On December 13, 2013, the Supreme Court of Canada released its much anticipated decision in IBM Canada Limited v. Waterman 2013 SCC 70.  The case confirms that employers may not deduct earned pension benefits from damages owed to wrongfully dismissed employees.

Mr. Waterman was an IBM employee with over 42 years of service.  During that time, he had participated in the company’s defined benefit pension plan.  IBM terminated Mr. Waterman’s employment in 2009.  He was 65 years old at the time and was eligible to receive benefits under the plan.  He was given two months notice.

Mr. Waterman brought an action for wrongful dismissal.  The trial judge awarded a 20 month notice period and declined to deduct pension benefits received by Mr. Waterman during that period.  IBM appealed.  At the BC Court of Appeal and Supreme Court of Canada, IBM argued that Mr. Waterman was not entitled to receive both pension benefits and pay in lieu of notice.  Otherwise, argued IBM, Mr. Waterman would be put in a position better than if his employment had not been terminated.

In a 7-2 split decision, the majority of the Supreme Court of Canada recognized that a “compensating advantage” arose on the facts of the case.  That is, failure to deduct Mr. Waterman’s pension payments from pay in lieu of notice resulted in a windfall for him.  However, the majority applied the “private insurance exception” on the basis that he had contributed time and service to the plan and the benefits were not intended to be an indemnity for the loss caused by the termination of his employment.  The majority therefore declined to deduct Mr. Waterman’s pension payments from his damage award.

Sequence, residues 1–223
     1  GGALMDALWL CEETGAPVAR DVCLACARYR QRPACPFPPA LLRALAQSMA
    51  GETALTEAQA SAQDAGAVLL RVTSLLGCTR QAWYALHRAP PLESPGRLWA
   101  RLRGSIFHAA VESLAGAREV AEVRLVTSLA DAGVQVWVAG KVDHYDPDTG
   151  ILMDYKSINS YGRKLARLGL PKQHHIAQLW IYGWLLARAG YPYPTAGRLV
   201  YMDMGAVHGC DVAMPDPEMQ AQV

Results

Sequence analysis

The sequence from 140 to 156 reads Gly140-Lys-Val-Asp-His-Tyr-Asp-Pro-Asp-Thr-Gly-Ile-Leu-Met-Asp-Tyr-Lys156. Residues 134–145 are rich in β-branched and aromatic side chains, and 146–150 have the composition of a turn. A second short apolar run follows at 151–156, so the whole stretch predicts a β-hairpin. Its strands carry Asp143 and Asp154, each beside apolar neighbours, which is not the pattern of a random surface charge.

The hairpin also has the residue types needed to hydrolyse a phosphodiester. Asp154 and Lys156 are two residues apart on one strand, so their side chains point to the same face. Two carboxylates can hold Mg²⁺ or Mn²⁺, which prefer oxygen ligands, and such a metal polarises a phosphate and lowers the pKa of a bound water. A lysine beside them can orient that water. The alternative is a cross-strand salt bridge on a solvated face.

In summarizing the law on this issue, the majority set out the following principles:

  • There is no single marker to sort out which benefits fall within the private insurance exception.
  • The nature and purpose of the benefit are important considerations.  The more closely the benefit resembles an indemnity against the loss caused by the breach, the stronger the case for deduction.
  • While the employee’s contribution to the benefit remains relevant, the basis for this is debateable.
  • In general, a benefit will not be deducted if it is not an indemnity for the loss caused by the breach and the employee has contributed in order to obtain entitlement to it.

Takeaway for employers

Whether an employer can deduct pension (or other benefits) from pay in lieu of reasonable notice will turn on the facts of each particular case.  However, in light of the Court’s decision, it will clearly be more difficult for employers to do.  Of particular importance in any such determination will be the nature and purpose of the benefit.  While the issue has yet to be tested, the Court appears to have left open the possibility for employers to expressly address deductibility of benefits in the employment agreement.  Miller Thomson’s Labour and Employment group is available to assist employers in navigating this still somewhat murky area of the law.